Pennsylvania Officials Discuss Maternal Mortality Crisis, Highlight Solutions

maternity© SeventyFour / Getty Images / Canva

HARRISBURG, PA — Pennsylvania state officials recently convened at the Pennsylvania State Museum for a panel discussion and screening of the documentary, “Aftershock.” The event, hosted by the Governor’s Advisory Commission on Women and the Governor’s Advisory Commission on African American Affairs, alongside Representative Gina H. Curry and Acting Secretary of Health Dr. Debra Bogen, shed light on the alarming maternal mortality rates in the state and highlighted potential solutions.

Governor Josh Shapiro has shown a commitment to battling this public health crisis. In his first year in office, he secured $2.3 million to expand maternal health programming and signed Senate Bill 262, aimed at improving access to timely data on maternal health and maternal mortality in Pennsylvania. This legislation allows researchers, doctors, and policymakers to make more informed decisions about medical care for mothers and families.

Second Lady of Pennsylvania Blayre Holmes Davis, herself a new mother and a longtime advocate for Black maternal health, expressed her pride in the administration’s prioritization of this issue. She emphasized that the voices of Black women, including high-profile figures like Serena Williams and Allyson Felix, have finally begun to resonate and their experiences acknowledged.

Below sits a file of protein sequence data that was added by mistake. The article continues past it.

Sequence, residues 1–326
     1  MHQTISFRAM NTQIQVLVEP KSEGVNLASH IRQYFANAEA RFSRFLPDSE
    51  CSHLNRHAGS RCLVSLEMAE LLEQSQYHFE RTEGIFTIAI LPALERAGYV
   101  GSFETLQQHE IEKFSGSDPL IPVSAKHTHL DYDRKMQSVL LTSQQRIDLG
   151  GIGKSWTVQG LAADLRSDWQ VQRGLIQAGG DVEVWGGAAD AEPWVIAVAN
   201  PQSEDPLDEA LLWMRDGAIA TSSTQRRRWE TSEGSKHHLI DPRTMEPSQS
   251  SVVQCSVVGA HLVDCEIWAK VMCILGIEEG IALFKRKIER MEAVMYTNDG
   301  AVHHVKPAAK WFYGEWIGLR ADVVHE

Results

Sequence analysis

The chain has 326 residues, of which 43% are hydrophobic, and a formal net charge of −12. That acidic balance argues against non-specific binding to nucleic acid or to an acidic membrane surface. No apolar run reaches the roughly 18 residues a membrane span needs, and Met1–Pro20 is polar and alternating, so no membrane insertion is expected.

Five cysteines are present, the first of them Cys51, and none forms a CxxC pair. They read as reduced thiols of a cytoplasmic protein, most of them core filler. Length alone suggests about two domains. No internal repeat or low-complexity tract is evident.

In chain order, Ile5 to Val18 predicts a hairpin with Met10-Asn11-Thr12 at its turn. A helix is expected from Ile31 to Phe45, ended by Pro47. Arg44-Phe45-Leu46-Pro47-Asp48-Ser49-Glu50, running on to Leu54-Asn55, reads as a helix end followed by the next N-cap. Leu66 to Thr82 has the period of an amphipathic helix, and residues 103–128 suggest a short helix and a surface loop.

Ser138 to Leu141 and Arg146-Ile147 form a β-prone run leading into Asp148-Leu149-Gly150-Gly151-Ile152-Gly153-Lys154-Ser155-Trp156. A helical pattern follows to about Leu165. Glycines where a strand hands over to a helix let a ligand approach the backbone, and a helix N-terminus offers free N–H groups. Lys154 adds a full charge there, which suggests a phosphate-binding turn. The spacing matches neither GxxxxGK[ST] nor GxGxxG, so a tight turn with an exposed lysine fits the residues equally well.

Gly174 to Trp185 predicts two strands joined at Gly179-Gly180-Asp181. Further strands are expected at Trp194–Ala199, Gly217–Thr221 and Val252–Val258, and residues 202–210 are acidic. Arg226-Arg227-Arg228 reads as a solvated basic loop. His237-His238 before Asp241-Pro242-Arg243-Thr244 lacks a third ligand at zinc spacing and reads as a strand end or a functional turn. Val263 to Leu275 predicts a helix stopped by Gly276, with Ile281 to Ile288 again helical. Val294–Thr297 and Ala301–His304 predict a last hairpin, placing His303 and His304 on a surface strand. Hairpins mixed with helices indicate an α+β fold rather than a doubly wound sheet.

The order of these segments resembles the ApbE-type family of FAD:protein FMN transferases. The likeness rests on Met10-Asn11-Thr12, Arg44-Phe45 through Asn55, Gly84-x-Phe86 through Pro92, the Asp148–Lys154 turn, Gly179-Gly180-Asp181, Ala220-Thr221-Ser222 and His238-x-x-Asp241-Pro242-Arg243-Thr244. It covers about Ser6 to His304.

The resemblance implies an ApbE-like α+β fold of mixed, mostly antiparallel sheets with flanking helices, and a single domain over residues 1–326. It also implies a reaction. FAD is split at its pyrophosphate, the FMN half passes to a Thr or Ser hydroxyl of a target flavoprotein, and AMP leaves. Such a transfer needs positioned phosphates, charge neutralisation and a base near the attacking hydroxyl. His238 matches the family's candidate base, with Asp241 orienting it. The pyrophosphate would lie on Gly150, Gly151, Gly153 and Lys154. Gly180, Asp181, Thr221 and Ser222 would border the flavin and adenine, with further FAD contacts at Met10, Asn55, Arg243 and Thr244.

“The tragic and unacceptable reality of maternal mortality is far too common in the U.S. and Pennsylvania,” said Acting Health Secretary Dr. Debra Bogen. According to her, Black women in Pennsylvania are twice as likely to die related to pregnancy and childbirth compared to their white counterparts. She called upon government and community leaders, healthcare professionals, and others to identify and address the root causes of maternal morbidity and mortality.

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Anette Nance, Executive Director of the Governor’s Advisory Commission on African American Affairs, stressed that empowering Black maternal health through awareness and education was not just a commitment to women but an investment in the well-being and resilience of future generations.

State Representative Gina H. Curry echoed these sentiments, highlighting the urgent need to address the tragic outcomes surrounding childbirth, particularly for Black women in Pennsylvania. She called for continued work on improving accessibility and affordability of care.

The event was a sobering reminder of the enormity of the maternal mortality crisis in Pennsylvania, particularly among Black women. But it also offered hope, showcasing the commitment of the state’s officials to tackling this issue head-on. The task at hand is immense, but the resolve to meet it appears to be growing stronger.

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